A healthy masculinity is grounded in the flexibility to be both in our tender heart and our power simultaneously.
This means stepping into the scary place of vulnerability. Without a willingness to be fully in our authentic truth we limit our capacity to fully connect with our partners and the people we love. For some men vulnerability means weakness and is avoided at all costs. It is this vulnerability that is the pathway to the deeper connection men crave.
Brené Brown, in her book Daring Greatly explains this so well.
“I know this is hard to believe, especially when we’ve spent our lives thinking that vulnerability and weakness are synonymous, but it’s true. I define vulnerability as uncertainty, risk, and emotional exposure. With that definition in mind, let’s think about love. Waking up every day and loving someone who may or may not love us back, whose safety we can’t ensure, who may stay in our lives or may leave without a moment’s notice, who may be loyal to the day they die or betray us tomorrow—that’s vulnerability. Love is uncertain. It’s incredibly risky. And loving someone leaves us emotionally exposed. Yes, it’s scary and yes, we’re open to being hurt, but can you imagine your life without loving or being loved? (Brown, 2012).
Nobody is going to argue that life would be fine without love. But the fear of showing ourselves in a vulnerable place is so uncomfortable that we flee from it and risk losing the what we desperately want.
This is what we men must realize. It isn’t any one part but all of the parts that come together to make us whole men. We must let go of trying to be the perception of a man in our culture and connect to our inner experience that is calling to us to be bravely authentic. In our authenticity we can let go of some idea of manhood and allow our true self to emerge.
How This Shows Up in My Life.
It is easy to write these words. It is difficult to live them. I find myself struggling at each edge of my life attempting to be aware of the discomfort of not being true to myself. I still shrink down in moments of being real with my partner and my children. I worry I will be perceived as weak. It happens so fast.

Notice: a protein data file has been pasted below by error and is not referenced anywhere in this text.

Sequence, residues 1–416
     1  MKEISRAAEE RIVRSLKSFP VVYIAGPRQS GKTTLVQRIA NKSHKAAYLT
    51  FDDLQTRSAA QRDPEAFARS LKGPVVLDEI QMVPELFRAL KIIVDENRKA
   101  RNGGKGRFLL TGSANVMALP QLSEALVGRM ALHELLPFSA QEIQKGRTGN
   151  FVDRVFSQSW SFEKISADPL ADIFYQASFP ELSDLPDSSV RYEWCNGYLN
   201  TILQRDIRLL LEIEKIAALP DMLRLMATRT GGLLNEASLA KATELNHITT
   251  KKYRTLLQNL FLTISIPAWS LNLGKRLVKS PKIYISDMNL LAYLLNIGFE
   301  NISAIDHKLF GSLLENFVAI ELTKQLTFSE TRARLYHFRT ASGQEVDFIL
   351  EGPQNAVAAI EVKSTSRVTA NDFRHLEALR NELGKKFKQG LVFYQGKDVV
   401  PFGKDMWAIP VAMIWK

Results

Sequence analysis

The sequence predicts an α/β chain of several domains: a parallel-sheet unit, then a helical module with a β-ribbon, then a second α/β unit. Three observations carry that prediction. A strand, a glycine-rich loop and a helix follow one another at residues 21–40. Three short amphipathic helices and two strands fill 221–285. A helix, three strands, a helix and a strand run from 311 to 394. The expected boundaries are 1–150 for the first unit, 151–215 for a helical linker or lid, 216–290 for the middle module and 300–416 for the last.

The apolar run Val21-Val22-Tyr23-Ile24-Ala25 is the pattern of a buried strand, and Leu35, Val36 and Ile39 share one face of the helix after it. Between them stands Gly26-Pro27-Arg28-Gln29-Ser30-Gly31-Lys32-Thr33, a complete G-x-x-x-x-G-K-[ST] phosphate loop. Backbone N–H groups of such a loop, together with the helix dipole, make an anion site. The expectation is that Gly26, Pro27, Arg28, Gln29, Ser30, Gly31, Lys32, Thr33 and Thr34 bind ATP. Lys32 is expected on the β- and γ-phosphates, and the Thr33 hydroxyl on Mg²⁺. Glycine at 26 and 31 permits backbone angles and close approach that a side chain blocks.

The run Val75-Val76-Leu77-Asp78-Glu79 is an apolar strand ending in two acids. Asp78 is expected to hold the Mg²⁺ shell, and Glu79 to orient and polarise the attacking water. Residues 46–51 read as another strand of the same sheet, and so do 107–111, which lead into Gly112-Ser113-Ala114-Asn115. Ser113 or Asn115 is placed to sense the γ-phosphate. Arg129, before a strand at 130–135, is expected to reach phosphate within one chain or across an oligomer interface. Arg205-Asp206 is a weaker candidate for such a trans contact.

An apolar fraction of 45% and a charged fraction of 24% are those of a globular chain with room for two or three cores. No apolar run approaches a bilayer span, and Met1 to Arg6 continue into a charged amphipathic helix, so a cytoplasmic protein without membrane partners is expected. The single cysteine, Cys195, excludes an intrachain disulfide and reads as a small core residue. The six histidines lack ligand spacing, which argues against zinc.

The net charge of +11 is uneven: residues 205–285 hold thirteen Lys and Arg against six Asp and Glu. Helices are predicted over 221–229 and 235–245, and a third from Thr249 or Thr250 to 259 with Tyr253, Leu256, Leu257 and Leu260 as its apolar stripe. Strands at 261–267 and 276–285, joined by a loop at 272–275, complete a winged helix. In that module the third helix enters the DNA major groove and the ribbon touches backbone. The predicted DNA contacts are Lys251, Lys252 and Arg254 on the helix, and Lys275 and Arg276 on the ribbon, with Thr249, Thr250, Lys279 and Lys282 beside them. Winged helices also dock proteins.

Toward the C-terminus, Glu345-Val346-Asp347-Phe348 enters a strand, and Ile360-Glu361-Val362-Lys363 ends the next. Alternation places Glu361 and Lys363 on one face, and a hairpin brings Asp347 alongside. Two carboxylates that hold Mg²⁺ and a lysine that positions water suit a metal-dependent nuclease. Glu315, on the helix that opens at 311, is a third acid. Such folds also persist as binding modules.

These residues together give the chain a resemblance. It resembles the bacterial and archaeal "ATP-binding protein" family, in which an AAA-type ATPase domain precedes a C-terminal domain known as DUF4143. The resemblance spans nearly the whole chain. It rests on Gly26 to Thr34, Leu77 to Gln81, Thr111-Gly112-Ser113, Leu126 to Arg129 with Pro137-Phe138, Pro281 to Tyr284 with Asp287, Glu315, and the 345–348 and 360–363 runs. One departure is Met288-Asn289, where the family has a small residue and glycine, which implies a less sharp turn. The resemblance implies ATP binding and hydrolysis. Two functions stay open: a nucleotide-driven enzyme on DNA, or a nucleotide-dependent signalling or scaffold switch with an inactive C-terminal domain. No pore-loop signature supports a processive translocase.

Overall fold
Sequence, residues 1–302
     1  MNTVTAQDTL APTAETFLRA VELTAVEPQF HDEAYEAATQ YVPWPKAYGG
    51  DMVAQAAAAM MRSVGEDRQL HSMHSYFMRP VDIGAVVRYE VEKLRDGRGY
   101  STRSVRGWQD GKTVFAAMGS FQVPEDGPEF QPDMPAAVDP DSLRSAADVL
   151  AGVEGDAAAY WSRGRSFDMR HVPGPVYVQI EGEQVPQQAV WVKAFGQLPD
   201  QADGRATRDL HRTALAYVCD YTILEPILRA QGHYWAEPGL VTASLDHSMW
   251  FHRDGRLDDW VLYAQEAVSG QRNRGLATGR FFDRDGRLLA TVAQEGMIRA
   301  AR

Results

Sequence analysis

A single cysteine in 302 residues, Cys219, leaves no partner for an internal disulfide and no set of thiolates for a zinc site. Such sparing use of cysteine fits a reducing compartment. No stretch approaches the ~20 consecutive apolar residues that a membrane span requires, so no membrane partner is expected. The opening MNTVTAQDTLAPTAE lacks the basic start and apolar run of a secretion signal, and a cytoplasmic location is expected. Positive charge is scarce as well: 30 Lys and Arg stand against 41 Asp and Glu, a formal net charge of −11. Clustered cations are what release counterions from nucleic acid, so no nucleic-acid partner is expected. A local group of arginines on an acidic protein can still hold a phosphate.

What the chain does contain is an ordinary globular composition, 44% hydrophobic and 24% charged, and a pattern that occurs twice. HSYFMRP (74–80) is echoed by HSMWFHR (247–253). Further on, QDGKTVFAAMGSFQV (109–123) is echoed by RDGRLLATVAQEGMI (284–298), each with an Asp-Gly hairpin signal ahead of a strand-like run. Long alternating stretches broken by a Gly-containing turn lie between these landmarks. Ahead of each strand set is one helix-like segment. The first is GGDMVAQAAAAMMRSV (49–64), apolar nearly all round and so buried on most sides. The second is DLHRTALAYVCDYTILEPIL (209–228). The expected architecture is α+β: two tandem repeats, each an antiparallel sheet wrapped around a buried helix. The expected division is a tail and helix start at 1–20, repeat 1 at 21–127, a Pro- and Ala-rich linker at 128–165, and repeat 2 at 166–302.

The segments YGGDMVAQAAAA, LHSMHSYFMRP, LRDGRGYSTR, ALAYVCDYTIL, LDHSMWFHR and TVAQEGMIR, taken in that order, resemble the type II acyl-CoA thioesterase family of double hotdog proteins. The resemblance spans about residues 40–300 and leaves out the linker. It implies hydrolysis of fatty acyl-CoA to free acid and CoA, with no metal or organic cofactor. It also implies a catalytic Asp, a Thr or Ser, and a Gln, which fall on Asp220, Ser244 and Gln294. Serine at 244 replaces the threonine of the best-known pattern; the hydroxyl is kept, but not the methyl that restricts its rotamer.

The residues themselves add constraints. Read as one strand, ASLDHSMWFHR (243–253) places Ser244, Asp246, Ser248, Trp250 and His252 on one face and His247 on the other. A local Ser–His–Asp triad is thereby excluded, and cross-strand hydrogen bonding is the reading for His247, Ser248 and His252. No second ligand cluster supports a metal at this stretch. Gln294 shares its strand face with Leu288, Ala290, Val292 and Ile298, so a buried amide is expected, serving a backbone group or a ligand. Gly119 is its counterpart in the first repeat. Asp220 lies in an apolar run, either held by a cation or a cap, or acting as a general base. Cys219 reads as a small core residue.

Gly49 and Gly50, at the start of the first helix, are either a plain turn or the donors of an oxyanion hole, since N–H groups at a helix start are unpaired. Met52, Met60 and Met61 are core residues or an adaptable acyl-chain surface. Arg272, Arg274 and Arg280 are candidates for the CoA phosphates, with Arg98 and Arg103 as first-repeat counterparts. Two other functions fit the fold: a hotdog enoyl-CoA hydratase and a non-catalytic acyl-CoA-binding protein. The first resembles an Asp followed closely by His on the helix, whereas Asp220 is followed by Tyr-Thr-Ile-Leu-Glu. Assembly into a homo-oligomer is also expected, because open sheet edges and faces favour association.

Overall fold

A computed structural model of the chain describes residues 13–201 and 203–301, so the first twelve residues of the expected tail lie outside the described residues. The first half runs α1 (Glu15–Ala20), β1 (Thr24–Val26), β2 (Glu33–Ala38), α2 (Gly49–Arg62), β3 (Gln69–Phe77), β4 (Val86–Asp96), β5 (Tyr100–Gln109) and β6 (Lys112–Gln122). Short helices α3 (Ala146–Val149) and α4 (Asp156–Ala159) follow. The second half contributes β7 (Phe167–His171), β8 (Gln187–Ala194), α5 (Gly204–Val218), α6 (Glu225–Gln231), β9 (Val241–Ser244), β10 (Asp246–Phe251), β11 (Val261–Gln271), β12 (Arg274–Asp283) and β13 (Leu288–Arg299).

My commitment to the people I love demands that I continue to increase my awareness of these inner stories that pull me out of my tender heart and harden me to their emotional needs. These moments hurt everyone. I defend myself but in the end I am not really taking care of myself I’m only losing connection to the people I love.
When I sense this happening it is usually when I’m feeling attuned to myself and noticing my inner experience. I notice my shame come up when my wife brings up something I have done that hurt her. Immediately I want to close down and push her away. As this happens I often become dysregulated and unable to think clearly.
This is when the work I have done on myself really comes to the forefront. I’m able to slow down pull myself back into a more regulated place and begin to work towards reconnecting with my wife. I feel the desire and actual physical sensations that are pulling me into that closed space. Just noticing my chest or jaw tightening starts to soften my body. Instead of walling off the most important person in my life I can listen and be in her pain.
I wish I could say I catch it all the time…but I don’t. I’m still stuck in the man box conditioning and it is hard to get out of this each time. What I can say is that I have made a vow to myself that I will keep growing and working to be a better man every day. In this I feel like I’m doing the best I can.
If you or someone you know is struggling in relationship I encourage you to reach out.
Wishing You The Day You Need To Have!